6) Harp from ‘Harpy’ (a monstrous bird with a human face in both Greek and Roman mythology) –
We are not talking about the serene sounding musical instrument of harp. On the contrary, we have taken the cacophonous route of ‘harping’ or ‘to harp’ – which means to ‘talk or write persistently and tediously on a particular subject’. The term is derived from a ‘harpy‘ (Greek: ἅρπυια), a creature who carried and tortured people who were on their way to Tartarus. Sometimes they even helped the fellow furies (read above) to dole out judgement on the criminals. As for their odd physical characteristics, the harpies were initially depicted as large birds with faces of beautiful women. However over time, their visages were detailed as unsightly – as is evident from the writings of both Virgil and Ovid.
7) Hell from ‘Hel’ (The Norse underworld and also its ruler) –
Most of us must have surely heard about hell, the realm of eternal damnation. Well, its Germanic counterpart was no walk in the park either, with inhabitants like Fenrir the Wolf, Jormungand the Serpent and other subjects who had died through sickness and old age. The ruler of this netherworld (also called Helheim) was the eponymous Hel, who was the daughter of Loki (yes, the very same nemesis of the mighty Thor). Descriptions of Hel, the being, have been found in numerous Viking sagas and poems; and most of them portray her as being partly decomposed with a face and a body of living women, but with thighs and legs of a corpse. Still she was also said to be more powerful than Odin himself, inside her own realm, the Hel.
8) Mentor from ‘Mentor’ (a form of goddess Athena in Greek Mythology)-
Mentor in English pertains to – ‘an experienced and trusted adviser’. The word comes from an episode in Greek Mythology that involved the hero Odysseus and his son Telemachus. Originally, Mentor was the name of an old man who was Odysseus’s trusted friend. So, when the hero left for the epic Trojan War, he gave Mentor the responsibility of looking after his son, Telemachus. However, when Athena visited Telemachus, she herself took the guise of the old man, so as to remain hidden from the people of Ithaca. During her disguise, she ‘mentored’ Telemachus in the ways of values, willpower and courage – that even endowed the young man with the determination to go abroad in search of his renowned father.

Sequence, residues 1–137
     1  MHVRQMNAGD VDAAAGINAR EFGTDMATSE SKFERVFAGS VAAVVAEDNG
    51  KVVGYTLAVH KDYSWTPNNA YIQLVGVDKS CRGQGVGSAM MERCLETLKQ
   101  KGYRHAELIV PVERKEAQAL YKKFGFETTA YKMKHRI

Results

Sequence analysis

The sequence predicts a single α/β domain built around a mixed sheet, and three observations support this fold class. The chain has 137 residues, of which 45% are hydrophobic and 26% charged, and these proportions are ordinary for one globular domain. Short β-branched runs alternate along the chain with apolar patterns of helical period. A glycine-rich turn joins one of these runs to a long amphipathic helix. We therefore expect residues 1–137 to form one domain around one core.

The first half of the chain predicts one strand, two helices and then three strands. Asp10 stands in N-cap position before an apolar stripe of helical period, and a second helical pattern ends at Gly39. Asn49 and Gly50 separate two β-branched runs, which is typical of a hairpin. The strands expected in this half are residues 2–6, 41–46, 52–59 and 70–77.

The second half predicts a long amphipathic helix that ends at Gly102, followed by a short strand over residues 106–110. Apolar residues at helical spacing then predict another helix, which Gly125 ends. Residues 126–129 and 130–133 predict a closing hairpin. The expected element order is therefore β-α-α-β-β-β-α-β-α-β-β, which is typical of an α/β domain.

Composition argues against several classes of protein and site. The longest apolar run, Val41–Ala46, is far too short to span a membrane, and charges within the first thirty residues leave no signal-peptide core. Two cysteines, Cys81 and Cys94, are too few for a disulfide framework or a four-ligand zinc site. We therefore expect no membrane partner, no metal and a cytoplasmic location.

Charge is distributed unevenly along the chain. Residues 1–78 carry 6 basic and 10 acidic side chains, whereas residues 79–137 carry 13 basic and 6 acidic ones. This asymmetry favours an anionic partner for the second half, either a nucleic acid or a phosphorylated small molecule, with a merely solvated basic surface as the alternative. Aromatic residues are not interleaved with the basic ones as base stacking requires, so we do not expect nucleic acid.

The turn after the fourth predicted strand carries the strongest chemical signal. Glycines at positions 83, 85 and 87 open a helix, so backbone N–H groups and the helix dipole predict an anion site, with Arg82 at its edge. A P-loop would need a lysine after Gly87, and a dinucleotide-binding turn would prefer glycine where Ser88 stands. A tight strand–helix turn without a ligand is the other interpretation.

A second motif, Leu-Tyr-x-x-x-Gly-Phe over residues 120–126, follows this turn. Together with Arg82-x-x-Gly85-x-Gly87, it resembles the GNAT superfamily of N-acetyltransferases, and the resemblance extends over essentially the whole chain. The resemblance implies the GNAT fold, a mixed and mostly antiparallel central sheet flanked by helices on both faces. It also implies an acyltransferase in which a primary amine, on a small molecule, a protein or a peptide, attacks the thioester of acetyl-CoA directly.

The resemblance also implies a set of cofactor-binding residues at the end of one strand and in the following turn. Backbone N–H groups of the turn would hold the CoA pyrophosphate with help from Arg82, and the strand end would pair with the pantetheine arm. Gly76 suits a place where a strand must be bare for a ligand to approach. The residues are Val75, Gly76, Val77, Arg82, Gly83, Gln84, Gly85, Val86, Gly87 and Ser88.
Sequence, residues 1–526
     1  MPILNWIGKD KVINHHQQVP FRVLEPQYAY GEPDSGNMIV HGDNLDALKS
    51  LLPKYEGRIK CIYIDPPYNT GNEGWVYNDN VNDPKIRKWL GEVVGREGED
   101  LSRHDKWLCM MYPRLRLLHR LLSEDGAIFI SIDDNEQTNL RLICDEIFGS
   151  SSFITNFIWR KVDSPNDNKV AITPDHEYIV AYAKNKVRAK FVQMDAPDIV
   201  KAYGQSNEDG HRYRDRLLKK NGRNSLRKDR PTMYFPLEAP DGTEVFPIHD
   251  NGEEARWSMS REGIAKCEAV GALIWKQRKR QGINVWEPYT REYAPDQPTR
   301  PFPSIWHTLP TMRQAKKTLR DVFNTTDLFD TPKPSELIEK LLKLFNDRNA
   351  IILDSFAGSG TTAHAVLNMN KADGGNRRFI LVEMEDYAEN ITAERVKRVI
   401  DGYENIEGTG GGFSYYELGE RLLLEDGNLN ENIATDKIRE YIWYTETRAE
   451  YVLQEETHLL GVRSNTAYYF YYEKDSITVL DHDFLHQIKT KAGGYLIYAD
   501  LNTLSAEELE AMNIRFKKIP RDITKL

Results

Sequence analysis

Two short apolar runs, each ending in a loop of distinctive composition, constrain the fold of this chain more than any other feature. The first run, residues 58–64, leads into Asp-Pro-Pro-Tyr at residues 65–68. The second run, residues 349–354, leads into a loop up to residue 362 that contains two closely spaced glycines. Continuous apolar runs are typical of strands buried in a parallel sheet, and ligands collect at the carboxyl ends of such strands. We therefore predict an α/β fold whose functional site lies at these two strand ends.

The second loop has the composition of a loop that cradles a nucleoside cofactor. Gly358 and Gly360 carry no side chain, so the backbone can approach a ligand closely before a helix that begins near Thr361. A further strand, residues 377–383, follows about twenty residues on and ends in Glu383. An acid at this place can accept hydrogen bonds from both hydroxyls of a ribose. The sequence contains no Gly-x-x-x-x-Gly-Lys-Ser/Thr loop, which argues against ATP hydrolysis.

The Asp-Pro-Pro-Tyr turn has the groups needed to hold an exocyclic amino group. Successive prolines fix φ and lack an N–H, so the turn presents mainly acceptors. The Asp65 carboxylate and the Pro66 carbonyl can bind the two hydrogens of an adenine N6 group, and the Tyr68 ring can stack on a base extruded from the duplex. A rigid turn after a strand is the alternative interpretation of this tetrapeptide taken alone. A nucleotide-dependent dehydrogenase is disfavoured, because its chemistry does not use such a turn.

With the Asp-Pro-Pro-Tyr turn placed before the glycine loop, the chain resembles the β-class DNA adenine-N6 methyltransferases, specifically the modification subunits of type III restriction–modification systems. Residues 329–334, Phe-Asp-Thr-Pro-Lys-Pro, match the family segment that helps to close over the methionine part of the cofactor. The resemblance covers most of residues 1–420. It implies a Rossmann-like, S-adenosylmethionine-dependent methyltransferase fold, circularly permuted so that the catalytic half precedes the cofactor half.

9) Music from ‘Muses’ (Greek goddesses of inspiration for music, poetry and literature) –
In English, music relates to sounds that produce harmony, and expression of emotion. This intangible yet ‘personal’ sense is always found in its origins – with the word being derived from ‘Muses‘, the personifications of knowledge and art who were the nine daughters of Zeus and Mnemosyne. Interestingly, Mnemosyne herself was the personification of memory, and was also one of the Titans, the children of Uranus the Sky and Gaia the Earth. As for the Muses themselves, they pleasantly embodied ‘performed metrical speech’ or ‘mousike‘ – from which the term ‘music’ is ultimately borrowed.
10) Panic from ‘Pan’ (Greek god of the wild and shepherds) –
In English, panic simply means sudden fear. The word is adopted from ‘Pan‘, who was the son of Greek messenger god Hermes. Pan resided along the wild mountainsides, and was chronicled as the guardian of pastures, sheep and goats – so much so that he himself was depicted with goat-horns and goat-legs. In terms of characterization, Pan was cheerful, flirtatious as well as irritable, and his hobby was to play on his favorite pipe, the syrinx. But more importantly, he could also turn frightening (especially when he was disturbed in his naps) – which perhaps explains his association with the word ‘panic’.